The United Church in Jamaica and the Cayman Islands

THE CONGREGATIONAL CHURCHES IN JAMAICA.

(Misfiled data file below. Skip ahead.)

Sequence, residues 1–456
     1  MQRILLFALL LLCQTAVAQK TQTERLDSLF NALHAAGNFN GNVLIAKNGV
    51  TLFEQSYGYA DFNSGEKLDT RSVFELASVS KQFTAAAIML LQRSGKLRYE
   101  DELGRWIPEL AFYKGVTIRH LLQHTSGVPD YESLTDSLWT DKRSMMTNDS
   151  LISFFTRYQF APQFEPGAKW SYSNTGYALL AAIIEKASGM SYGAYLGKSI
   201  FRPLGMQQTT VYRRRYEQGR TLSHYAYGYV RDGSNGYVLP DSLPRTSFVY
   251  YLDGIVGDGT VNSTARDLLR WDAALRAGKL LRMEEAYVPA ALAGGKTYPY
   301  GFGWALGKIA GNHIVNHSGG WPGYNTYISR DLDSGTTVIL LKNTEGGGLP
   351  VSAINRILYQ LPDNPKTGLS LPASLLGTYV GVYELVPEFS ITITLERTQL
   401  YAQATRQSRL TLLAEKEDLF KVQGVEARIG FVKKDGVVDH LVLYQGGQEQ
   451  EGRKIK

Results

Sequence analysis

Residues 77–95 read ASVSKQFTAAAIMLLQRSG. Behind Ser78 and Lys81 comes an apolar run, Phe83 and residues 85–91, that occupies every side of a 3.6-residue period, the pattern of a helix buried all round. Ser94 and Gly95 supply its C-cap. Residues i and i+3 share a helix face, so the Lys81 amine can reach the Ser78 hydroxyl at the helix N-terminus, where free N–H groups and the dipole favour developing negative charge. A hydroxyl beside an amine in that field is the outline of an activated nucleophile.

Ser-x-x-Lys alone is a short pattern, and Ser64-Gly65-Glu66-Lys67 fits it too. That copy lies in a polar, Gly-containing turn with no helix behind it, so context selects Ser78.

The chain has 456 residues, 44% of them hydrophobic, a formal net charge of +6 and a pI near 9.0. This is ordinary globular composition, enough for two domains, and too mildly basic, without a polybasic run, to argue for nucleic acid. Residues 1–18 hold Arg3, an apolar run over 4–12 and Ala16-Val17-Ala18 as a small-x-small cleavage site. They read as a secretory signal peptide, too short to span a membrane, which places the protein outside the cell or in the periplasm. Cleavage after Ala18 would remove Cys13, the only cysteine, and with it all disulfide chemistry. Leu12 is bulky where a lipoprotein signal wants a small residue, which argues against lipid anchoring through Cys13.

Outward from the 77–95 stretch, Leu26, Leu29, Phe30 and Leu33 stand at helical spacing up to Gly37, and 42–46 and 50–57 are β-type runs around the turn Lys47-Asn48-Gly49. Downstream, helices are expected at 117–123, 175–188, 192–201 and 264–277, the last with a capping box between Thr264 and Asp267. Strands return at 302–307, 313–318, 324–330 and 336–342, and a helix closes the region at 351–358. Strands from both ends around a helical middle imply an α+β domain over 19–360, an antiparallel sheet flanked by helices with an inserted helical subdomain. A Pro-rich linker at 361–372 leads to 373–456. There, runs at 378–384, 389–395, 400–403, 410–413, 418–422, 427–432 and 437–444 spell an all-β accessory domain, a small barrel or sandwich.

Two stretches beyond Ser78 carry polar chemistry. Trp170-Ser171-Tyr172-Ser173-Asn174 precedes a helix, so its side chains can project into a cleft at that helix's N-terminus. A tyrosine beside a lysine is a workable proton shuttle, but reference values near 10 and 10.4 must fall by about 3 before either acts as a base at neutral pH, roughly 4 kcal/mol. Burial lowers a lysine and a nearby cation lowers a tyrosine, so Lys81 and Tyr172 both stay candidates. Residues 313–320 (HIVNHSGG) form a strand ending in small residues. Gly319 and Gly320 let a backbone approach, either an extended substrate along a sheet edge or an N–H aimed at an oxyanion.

The Congregationalists firmly believed that only two things were necessary to make a Church. Christ, the Head of the Church, and a group of people who believe in Him, associated together to worship and serve Him and for fellowship with each other. In the course of history this tended to be obscured, but when the Reformation started, leading to the Bible being accessible to all who were willing to read it and discover its riches for themselves, light began to break forth. Some Congregationalists were so unyielding in their demand to be permitted to worship God as their consciences dictated, that they were willing to suffer as martyrs. They believed in services of simple worship, they did not believe in a hierarchy of Bishop, Priest, systems of Church Courts, but that the government of the affairs of the church are in the hands of individual members under the guidance of the Holy Spirit. The early beginnings Congregationalism in Jamaica began in 1834 with the arrival of six missionaries from the London Missionary Society, which was formed in 1795 as a non-denominational missionary agency. They were: Messrs. Woolridge, Hodge, Barrett, Slayter, Vine and Alloway. The first four settled on the southern side of the Island and covered ground between Kingston and Manchester , the other two went to the north covering St. Ann and Trelawny.The Four Paths United Church is regarded as the oldest of the former Congregational Churches on the Island , with work being started by Rev. Barrett in December 1834, Brixton Hill in 1836 and at Chapleton in 1838 where a school was also started. Rev. Woolridge started work in Kingston in the Papine area. This work eventually led to the formation of a school and to what became North Street United in 1837. The work at Shortwood also grew out of Rev. Woolridge’s efforts. Rev. Slayter commenced work at Whitfield and Davyton in 1835 and Ridgemount in 1837.At the same time Revs. Alloway and Vine began work at Dry Harbour (now Discovery Bay ) in 1837 and in Trelawny, on the Arcadia Estate where the First Hill congregation was formed in 1835. The missionaries followed the ex-slaves into the hills away from the centres of population and under difficult circumstances quite frequently suffering opposition, they spread the Gospel. Congregations such as Sunberry, Long Look, Mahoe Hill, and Main Ridge in the hills of Manchester and Clarendon are testimony to these efforts. The work progressed and established itself, as the missionaries engaged themselves in the life of communities. Where they saw the needs, schools were started, and in the case of Rev. William Gardner minister of the North Street United Church , the Kingston Benefit Building Society, The Freeman Chapel Provident Society, and a book centre called Society for the Promotion of Pure Literature were formed. Progress in their efforts led to the gradual withdrawal of the London Missionary Society (LMS) and the formation of The Congregational Union on 28th February 1877. In July 1891 the First International Congregational Council was held. The Congregational Unions of England and Wales and the National Congregational Council of the United States sponsored it, while the Jamaican Union was represented by Rev. James Watson of Porus. The Congregational Union of Jamaica can be credited with the sending of missionaries to Central Africa in the persons of Mr. and Mrs. J.H.E. Hemans of Porus; they sailed from England in 1887. This, in addition to the community work of Rev. Gardner mentioned earlier, the formation of schools including Clarendon College in 1945, stands as testimony to the spirit of outreach that conceived and guided the work of the Congregational Union. This same spirit was brought into the union in 1965 and exists in the new church today.
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